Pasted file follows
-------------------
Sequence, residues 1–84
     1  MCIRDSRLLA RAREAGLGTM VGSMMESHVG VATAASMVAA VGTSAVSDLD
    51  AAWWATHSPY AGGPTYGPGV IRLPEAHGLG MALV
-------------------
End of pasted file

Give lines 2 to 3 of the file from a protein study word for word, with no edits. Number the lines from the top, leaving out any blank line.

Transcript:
     1  MCIRDSRLLA RAREAGLGTM VGSMMESHVG VATAASMVAA VGTSAVSDLD
    51  AAWWATHSPY AGGPTYGPGV IRLPEAHGLG MALV